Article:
Sunday, April 8, 2012

Gratin Dauphinois

Wikipedia has this to say about my favourite potato dish in the world.

“Gratin Dauphinois is a speciality of the Dauphiné region of France. The dish, typically uses thinly sliced and layered potatoes and cream cooked in a buttered dish rubbed with garlic.

Always pleasing and always hard to resist, this gratin is the culprit for my uncontrolled weight gain when I first learnt how to make it. Be careful because it packs a lot of calories! Usually served as a side to hearty meat dishes, it can also be served as a main and very often, people do.



Ingredients (Serves 3-4 as a main, 6-8 as a side)

1kg Russet Potatoes (peeled and sliced into 0.5cm thin galettes)
250-300gm Full Cream Milk
250-300gm Cooking Cream
4 Fat Cloves Garlic (crushed or minced)
150gm Bacon (sliced into 1cm wide slices)
1 Yellow Onion (sliced)
100gm Grated Gruyere Cheese
Grated Nutmeg
Salt and Pepper


Method

1. Sweat the bacon for a minute to release the salt water and fats then add the sliced onions and sauteed it until the onion is slightly browned (caramelized). Remove and cool.

2. Put the potatoes and garlic into a pot/saucepan and cover them with the milk and cream. Bring the dairy mixture to a boil over moderate heat and then let it simmer for 1 minute. Turn off the heat.

3. Use half of the potatoes to line the bottom of a baking dish, then spread the bacon/onion mixture evenly over it. Spread a thin layer of the grated nutmeg over the entire dish and add salt/pepper if desired.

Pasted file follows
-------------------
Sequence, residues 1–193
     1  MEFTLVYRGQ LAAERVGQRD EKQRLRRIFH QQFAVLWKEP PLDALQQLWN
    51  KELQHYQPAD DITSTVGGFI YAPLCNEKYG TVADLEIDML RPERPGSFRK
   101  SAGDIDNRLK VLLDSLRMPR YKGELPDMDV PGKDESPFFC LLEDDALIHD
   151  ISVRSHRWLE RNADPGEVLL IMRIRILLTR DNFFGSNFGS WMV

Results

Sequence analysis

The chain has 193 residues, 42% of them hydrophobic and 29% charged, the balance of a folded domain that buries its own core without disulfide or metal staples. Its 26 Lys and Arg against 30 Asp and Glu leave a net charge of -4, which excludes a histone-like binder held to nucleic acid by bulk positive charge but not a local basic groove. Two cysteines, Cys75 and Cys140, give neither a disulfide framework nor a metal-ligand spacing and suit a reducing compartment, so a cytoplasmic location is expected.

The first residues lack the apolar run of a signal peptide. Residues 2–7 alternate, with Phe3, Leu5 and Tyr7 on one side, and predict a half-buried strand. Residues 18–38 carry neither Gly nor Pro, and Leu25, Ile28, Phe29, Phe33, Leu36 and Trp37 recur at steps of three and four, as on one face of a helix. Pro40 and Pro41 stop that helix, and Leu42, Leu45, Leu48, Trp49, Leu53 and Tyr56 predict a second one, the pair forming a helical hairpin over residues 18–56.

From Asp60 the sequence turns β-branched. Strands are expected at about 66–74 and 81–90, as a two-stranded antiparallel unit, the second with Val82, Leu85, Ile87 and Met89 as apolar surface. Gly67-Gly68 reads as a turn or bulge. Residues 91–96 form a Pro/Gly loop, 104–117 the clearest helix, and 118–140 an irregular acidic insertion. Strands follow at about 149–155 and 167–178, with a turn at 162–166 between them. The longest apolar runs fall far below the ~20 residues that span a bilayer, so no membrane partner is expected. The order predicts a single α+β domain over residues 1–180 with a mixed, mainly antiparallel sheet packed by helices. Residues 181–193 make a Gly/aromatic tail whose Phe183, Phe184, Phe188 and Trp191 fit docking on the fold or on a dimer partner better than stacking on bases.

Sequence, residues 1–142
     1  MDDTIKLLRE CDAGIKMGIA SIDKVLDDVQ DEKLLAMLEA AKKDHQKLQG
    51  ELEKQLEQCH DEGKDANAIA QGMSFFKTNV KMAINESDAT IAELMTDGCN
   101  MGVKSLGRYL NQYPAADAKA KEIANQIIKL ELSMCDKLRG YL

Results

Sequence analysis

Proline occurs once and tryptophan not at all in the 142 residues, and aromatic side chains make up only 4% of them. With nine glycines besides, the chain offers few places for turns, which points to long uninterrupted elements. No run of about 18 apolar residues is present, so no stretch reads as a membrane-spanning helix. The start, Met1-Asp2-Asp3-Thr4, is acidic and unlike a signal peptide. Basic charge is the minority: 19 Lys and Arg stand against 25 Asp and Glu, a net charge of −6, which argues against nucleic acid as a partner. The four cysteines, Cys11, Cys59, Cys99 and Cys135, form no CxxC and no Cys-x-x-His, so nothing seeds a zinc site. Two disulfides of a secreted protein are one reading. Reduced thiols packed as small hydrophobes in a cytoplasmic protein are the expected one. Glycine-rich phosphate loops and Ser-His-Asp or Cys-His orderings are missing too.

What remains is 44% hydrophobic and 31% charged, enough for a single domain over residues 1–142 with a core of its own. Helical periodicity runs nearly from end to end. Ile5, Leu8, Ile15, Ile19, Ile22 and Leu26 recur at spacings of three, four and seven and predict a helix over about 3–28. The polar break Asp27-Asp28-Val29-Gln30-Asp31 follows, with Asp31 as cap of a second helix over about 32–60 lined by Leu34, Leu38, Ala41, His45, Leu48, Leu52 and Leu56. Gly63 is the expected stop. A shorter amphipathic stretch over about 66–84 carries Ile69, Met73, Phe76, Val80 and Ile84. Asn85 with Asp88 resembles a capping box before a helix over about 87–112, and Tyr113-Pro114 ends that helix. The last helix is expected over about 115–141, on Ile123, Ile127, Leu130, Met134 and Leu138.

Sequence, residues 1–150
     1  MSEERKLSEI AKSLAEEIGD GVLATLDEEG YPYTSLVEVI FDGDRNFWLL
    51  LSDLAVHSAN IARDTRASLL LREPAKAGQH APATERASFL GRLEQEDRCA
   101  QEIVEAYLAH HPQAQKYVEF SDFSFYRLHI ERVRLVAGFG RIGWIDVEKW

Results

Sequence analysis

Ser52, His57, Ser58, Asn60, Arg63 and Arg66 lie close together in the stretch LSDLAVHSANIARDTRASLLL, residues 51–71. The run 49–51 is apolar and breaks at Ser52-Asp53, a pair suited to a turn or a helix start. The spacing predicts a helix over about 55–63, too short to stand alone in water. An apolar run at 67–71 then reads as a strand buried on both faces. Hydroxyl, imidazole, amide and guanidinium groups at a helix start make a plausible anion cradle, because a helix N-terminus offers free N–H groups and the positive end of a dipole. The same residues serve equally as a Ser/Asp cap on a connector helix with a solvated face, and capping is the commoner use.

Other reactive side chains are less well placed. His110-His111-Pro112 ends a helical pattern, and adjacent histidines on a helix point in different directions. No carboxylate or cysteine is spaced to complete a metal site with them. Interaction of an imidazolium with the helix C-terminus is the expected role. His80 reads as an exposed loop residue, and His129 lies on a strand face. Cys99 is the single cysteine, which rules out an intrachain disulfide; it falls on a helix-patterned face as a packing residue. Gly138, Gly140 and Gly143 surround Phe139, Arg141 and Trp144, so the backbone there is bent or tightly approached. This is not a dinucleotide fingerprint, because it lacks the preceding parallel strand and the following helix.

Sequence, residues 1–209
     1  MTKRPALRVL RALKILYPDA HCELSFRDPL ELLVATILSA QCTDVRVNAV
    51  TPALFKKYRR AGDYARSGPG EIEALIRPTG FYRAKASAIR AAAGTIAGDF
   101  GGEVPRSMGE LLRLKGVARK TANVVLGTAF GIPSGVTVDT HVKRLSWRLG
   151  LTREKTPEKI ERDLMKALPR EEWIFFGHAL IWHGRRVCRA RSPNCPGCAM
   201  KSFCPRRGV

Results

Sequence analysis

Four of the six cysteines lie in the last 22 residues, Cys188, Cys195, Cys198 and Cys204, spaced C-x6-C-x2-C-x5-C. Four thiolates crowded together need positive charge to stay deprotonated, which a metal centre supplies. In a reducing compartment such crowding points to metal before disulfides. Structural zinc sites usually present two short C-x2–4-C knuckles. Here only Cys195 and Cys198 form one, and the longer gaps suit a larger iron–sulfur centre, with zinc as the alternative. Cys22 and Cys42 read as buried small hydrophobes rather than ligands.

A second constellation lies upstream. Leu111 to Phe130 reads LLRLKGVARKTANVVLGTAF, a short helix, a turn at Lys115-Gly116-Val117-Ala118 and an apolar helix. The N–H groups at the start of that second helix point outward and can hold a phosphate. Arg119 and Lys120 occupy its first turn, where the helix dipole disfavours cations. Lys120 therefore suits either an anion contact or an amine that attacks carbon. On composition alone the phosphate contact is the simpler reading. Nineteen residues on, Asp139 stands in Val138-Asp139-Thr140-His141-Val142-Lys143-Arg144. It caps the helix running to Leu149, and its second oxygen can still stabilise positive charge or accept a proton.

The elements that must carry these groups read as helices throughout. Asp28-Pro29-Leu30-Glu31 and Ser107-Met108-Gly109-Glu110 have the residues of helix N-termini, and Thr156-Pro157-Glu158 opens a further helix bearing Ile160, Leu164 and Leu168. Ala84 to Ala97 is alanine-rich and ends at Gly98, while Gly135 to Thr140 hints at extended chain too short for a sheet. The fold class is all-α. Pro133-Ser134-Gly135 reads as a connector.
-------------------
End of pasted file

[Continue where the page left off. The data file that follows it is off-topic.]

4. Put the remaining potatoes into the dish and even-out the top before pouring the milk/cream mixture over everything evenly. It is ok if the liquid does not cover the potatoes. Cover with a thin layer of grated nutmeg again.

5. Cover the top with a layer of grated gruyere cheese and pop this into a preheated oven to bake at 180 degrees Celsius until the cheese is golden brown and a knife can penetrate the layers of potatoes with ease.

6. Serve HOT!


When I first learnt this dish, the recipe specifically asked for gruyere cheese for authenticity. The chef did say I can substitute with other kind of cheeses like mozarella which I often did and I sometimes use aged cheddar (not slices!) depending on what's leftover in the fridge. But you owe it to yourself to try the gruyere version at least once - the cheese is going to stink up your kitchen but you will be rewarded with an amazingly earthy cheese that is elevated with the nutmeg.

Bon Appétit!

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